Sat Nov 07 2015 10:00 am thru Sat Nov 07 2015 3:00 pm

Free Family Day | Adventure Asia


at Crow Collection of Asian Art
Sat Nov 07 2015 10:00 am — 3:00 pm
Crow Collection of Asian Art
November 7 Chalo web

Diwali is the Hindu festival of lights celebrated worldwide. It marks the victory of good over evil and commemorates one’s inherent inner light.  Join us for an illuminating day filled with activities that play on the dark and the light, including cyanotype prints and kaleidoscopes. Then kick off your shoes and enjoy a traditional Bollywood Class and Diwali Stick Dance.

10 AM–2 PM | Arbor Walk, 2nd floor
Our current exhibition Alexander Gorlizki: Variable Dimensions brings together the artist’s work in drawing, sculpture, installation, video, and the applied arts—carpets, wallpapers, textiles—for a rich kaleidoscopic experience of the artist’s profoundly creative imagination. Notans, a Japanese term for “light and dark,” explore the use of positive and negative space with only two pieces of paper. A visual display of principles of art such as unity, contrast and balance, notans celebrate the arrangement of space and color: two elements highly emphasized in the work of Alexander Gorlizki. Drawing inspiration from Alexander Gorlizki and Japanese notans create shapes of your own and watch them transform into a unique, harmonious design.
10 AM–2 PM | Arbor Walk, 2nd floor
A kandeel is a lantern with a wooden framework and covered in colored matte or glossy papers that are hung in front of homes during the Hindu festival of lights, Diwali. Kandeel in Sanskrit is known as akasha deepa, lantern of the sky, because in earlier days Hindu’s would set kandeels afloat as a gesture to invite the spirits of their ancestors moving around to come back home and be with them during the festival. Learn how to create a paper kandeel using simple folding techniques found in the Japanese art form of origami.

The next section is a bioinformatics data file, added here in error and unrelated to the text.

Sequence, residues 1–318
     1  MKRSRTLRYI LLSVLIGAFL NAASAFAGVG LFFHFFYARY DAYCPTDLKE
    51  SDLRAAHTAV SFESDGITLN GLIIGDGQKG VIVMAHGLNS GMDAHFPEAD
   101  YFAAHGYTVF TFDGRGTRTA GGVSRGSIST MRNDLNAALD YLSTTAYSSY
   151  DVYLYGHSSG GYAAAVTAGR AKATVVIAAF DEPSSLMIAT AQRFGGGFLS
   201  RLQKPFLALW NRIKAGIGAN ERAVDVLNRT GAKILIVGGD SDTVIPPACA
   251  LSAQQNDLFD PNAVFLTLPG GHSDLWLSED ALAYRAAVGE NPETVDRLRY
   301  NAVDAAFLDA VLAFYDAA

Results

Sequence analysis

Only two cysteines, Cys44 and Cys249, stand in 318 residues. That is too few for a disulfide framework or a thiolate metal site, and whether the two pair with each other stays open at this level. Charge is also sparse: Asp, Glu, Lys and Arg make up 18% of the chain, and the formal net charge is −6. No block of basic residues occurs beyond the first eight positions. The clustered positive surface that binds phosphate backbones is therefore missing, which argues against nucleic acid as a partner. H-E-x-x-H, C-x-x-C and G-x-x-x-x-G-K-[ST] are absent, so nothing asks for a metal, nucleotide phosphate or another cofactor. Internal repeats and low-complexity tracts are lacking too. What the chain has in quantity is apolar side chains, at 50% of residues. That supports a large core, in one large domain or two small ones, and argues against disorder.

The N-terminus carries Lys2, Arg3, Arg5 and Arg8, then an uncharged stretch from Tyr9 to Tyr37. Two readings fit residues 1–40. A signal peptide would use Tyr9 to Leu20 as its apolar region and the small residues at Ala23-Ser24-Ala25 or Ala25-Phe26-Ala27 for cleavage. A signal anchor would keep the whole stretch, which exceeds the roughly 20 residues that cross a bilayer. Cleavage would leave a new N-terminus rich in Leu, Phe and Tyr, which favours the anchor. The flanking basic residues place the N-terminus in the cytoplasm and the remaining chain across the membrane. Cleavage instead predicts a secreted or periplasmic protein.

10 AM–2 PM | Arbor Walk, 2nd floor
Diwali is a festival of lights celebrated throughout India and among Indians worldwide. Hindus, Jains, and Sikhs commemorate different auspicious events, but each is a moment of victory of good over evil, and light replacing darkness. One important and celebrated tradition of this holiday is rangoli sand painting. Rangoli are intricate designs put on floors in courtyards or other significant sites in a home or public place that are made of colored sand, flour, rice, or even flowers. They are meant to ward off evil and invite and welcome Hindu deities into the space. Get your chance to make your own rangoli to brighten up your home!
11 AM | Grand Gallery, 2nd Floor
Join us for Family Yoga and delve into the world of the Ramayana, a legendary story about love and courage. The ancient Hindu poem is the basis of ten exciting and rejuvenating yoga poses such as ananda balasana (happy baby), makarasana (crocodile) and many more. Explore the story through your movements as Lord Rama searches for his beloved Sita with the help of the monkey Hanuman.
Noon – 2:00 PM | Jade Room, 2nd Floor
Have your face painted by the artists from Your Enchanted Face. Face painting will be offered on a first come, first serve basis.
1:00 PM | Grand Gallery, 2nd floor
Nruthya Shakti Dance Academy prides itself on being the only premier Indian folk academy where folk dances from India are taught, and performed in their true rustic style. Vandita Parikh, the director who has practiced dance for over 35 years, believes that India‘s true beauty lies in its rural traditional folk culture and teaches  her students the same. Vandita was awarded the Ambassador of Art Award by the President of India in 2011. Sit back, relax and enjoy as the Nruthya Shakti Dance Academy showcases a fusion of Indian folk dances.